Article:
Trump with Reagan are not comparable leaders, of course, but you can see an interesting similarity in the way people react to Trump. Whatever you think of Trump as a leader, his opponents seem unable to engage him politically. That seemed especially true among his Republican opponents during the primaries, and remains true among congressional leaders in both parties now.

Don’t blame a surfeit of democracy for Trump’s success. Trumpism has spent a long time in the oven. Democratic politics are the least of our troubles.

Trump loves to be a school yard bully. He loves aggression, taunts, and intimidation for their own sake. People let him pick fights at his pleasure. Like Joseph McCarthy, he threatens and insults anyone who does not suck up to him, and no one has the guts to stop him. People who ought to know better seem slack jawed, resigned, rather than determined or indignant.

When Trump says he and Kim Jong Un had good chemistry, what does that mean? It means Kim smiled, complimented Trump’s greatness and groomed Trump’s vanity, because Kim knew he could benefit back home if he did so. Especially sweet is Abby Huntsman’s Freudian slip on Fox and Friends:

“This is history,” Huntsman said. “Regardless of what happens in that meeting between the two dictators, what we are seeing right now ― this is history.”

Most dictators look foolish, because their followers hate them. If they don’t hate them, they fear them. If they don’t fear them, they laugh at them. No matter what, being a dicatator has perks, but they don’t amount to much when you are jailed, exiled, executed, or assassinated. Yet Trump is the ultimate egotist, which means he does not care how foolish he looks. We seem ready to let him be a twenty-first century Mussolini, or Kaiser Wilhelm. Il Duce came to a bad end. So did the kaiser. What will happen to Donald? So far, we only know what has happened to us.

If we could not perceive that Trump offered himself to us as a strongman before the election, we can now. What are the qualities of this kind of leader? A strongman says, or suggests:

  • I’ll take care of your problems – don’t trouble yourself too much about how I do it.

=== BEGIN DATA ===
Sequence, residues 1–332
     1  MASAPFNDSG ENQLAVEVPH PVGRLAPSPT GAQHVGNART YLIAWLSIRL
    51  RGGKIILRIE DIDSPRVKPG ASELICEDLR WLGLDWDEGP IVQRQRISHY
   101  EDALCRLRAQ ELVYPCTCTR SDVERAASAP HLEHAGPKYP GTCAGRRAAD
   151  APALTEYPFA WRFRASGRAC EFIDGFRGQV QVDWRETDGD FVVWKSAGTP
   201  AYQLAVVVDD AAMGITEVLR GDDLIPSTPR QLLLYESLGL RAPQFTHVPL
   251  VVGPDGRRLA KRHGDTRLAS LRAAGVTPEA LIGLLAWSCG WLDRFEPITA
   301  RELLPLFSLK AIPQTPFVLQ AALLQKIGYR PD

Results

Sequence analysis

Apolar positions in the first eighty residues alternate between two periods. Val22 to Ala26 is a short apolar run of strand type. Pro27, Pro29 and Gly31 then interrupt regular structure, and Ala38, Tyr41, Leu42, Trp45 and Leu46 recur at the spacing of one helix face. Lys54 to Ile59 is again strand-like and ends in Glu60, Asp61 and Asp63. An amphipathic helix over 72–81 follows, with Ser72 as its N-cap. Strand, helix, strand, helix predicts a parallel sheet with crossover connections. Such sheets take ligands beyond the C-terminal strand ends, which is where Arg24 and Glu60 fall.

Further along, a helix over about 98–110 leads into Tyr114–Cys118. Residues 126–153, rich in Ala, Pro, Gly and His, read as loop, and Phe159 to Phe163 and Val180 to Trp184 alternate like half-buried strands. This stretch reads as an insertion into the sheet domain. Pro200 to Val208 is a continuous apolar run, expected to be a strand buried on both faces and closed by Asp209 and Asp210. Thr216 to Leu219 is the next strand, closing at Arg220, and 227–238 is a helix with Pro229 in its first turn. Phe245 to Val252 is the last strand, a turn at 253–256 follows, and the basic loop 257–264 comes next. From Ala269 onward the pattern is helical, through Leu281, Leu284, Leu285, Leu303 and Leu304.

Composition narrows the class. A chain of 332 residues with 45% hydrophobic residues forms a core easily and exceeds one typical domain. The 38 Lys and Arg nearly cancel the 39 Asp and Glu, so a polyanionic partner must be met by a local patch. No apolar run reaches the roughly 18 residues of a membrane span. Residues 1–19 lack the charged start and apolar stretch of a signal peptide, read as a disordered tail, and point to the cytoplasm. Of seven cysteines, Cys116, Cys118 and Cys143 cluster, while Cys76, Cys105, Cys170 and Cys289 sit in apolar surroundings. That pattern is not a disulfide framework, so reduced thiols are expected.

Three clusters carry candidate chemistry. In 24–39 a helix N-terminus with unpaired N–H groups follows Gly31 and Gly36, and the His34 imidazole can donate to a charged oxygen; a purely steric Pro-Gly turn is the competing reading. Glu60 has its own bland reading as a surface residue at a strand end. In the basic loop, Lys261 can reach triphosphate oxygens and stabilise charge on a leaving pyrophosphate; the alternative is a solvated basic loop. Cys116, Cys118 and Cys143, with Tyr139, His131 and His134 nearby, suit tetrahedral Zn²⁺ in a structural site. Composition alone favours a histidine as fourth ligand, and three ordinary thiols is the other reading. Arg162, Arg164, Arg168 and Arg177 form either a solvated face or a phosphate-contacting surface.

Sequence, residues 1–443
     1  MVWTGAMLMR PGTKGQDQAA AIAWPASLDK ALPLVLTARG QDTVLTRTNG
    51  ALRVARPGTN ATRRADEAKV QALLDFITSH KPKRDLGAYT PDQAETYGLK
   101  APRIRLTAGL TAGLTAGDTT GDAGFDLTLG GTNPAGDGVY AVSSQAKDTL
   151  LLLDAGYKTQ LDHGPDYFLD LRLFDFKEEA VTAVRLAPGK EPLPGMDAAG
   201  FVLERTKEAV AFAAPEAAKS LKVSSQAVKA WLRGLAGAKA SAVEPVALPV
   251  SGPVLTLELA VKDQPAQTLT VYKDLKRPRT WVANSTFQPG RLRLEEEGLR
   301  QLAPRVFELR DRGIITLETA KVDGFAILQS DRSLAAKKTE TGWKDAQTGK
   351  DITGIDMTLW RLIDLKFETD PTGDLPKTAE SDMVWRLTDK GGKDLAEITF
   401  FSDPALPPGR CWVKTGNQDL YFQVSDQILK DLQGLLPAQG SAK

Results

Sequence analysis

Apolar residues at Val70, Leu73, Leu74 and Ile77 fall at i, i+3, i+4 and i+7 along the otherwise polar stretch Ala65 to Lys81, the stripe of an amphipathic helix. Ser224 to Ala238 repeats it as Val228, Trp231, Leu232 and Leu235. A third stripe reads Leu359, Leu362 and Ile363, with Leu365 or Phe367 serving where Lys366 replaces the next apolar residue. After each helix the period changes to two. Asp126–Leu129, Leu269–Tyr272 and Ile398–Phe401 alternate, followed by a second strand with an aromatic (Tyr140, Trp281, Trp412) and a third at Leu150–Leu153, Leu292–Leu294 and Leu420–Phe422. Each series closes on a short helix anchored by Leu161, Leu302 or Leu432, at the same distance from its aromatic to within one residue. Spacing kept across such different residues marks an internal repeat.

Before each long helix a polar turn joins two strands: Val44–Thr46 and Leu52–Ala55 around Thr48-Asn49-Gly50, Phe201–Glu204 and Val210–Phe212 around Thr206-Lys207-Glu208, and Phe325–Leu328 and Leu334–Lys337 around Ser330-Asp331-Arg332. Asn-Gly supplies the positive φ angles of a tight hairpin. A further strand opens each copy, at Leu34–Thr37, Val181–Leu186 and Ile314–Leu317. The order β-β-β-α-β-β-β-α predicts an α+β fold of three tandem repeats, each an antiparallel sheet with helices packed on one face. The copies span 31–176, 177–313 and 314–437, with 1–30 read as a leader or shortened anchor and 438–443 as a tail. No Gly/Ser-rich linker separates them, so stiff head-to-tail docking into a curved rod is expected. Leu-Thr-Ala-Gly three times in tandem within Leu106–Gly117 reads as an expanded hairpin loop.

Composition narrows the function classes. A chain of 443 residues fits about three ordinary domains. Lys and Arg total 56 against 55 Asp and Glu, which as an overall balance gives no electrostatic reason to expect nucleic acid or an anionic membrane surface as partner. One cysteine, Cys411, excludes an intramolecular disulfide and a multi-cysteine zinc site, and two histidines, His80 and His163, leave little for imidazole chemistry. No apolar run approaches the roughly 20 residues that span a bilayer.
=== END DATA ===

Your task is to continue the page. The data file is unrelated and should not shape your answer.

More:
• L’etat, c’est moi: The state, it is I. Or, “I myself am the nation.” That means when I say something, it’s the law.
  • If you don’t understand what I’m saying, maybe you’d like a punch in the face.

Don’t blame a surfeit of democracy for Trump’s success. Trumpism has spent a long time in the oven. Democratic politics are the least of our troubles.

Today our troubles stem from the Slim Pickens option. You remember him, don’t you? He’s the Texan bombardier in Stanley Kubrick’s Failsafe, who rides an atomic bomb all the way down from his plane to detonate the doomsday weapon. He is so happy he got his bomb loose, he does not care about the consequences. One voter remarked that sending Donald Trump to the White House feels like that. Nothing else will work, so if we have to nuke Washington, let’s do it.

Related quotation from:

Dear Democratic Socialists Who Think You’re Having a Moment: It’s Me, a Libertarian, Who’s Been Through This.

As the libertarian-leaning Republican Rep. Thomas Massie told The Washington Examiner, he thought people that backed Ron and Rand Paul were voting for libertarian ideas; once these same voters turned to Trump, he realized they were not. “I realized when they voted for Rand and Ron and me in these primaries, they weren’t voting for libertarian ideas—they were voting for the craziest son of a bitch in the race,” said Massie. “And Donald Trump won best in class, as we had up until he came along.”

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Donald Trump’s claim that the presidential election is rigged

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An earlier version of this post appeared February 28, 2016.